A confederal government is a form of government in which sovereign states delegate power to a centralized government. The central government is weaker than the states, and states can choose to follow the lead of the central government or not. The powers of the central government are typically limited to defense and foreign commerce.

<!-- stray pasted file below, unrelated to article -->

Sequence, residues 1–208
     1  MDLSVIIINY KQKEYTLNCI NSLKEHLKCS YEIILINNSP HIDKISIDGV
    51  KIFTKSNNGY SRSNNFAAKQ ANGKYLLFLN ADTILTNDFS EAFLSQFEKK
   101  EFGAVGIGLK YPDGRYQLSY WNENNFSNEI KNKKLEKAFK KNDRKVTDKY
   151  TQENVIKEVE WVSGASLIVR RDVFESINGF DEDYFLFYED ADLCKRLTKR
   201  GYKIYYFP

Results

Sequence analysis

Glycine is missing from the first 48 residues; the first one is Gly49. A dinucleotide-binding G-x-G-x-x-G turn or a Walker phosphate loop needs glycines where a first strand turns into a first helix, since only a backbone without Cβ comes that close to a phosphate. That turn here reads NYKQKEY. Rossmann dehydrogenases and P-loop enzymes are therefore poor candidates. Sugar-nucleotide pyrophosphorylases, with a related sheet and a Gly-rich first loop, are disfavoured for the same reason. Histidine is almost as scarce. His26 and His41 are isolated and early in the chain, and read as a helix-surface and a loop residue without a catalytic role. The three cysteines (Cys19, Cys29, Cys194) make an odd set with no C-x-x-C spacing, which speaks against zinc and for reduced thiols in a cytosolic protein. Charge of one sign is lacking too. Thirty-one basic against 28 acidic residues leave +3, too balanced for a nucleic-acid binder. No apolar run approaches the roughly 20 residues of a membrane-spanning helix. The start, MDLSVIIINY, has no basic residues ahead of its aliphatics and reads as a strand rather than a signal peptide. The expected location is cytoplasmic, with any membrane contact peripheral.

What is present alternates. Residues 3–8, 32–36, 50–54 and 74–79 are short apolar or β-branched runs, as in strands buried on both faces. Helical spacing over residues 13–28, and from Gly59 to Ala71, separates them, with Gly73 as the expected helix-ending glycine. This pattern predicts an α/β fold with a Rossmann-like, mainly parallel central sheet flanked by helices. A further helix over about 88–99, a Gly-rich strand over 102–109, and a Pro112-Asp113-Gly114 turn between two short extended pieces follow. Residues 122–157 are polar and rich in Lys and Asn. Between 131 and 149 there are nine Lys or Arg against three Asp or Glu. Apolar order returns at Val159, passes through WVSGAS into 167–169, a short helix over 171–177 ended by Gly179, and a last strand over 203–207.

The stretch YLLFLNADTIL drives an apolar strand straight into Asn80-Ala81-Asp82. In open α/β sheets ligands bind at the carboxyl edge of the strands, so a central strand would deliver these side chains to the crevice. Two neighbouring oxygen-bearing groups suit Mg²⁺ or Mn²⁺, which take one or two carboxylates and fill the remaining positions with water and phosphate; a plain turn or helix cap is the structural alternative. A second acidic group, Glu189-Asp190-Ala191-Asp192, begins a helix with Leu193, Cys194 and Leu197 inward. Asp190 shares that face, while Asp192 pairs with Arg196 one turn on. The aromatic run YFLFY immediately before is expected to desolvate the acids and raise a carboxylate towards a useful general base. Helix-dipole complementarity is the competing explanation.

A confederal system of government utilizes a weak centralized government to handle those tasks that are assigned to it by an alliance of sovereign states. These tasks tend to deal with foreign trade and defense, but since there is no central authority, there is often conflict. An example of a modern government using a system that most closely resembles a confederal government is the European Union. The advantage to having a confederal government is that it prevents the central government from gaining too much power and allows states to retain their individual identities. The disadvantage to having a confederal system includes the potential for a lack of unity between the states and an inability on the part of the central government to enforce the laws. While it allows individual states to retain their autonomy, it is not a very efficient system of government when a consensus cannot be reached.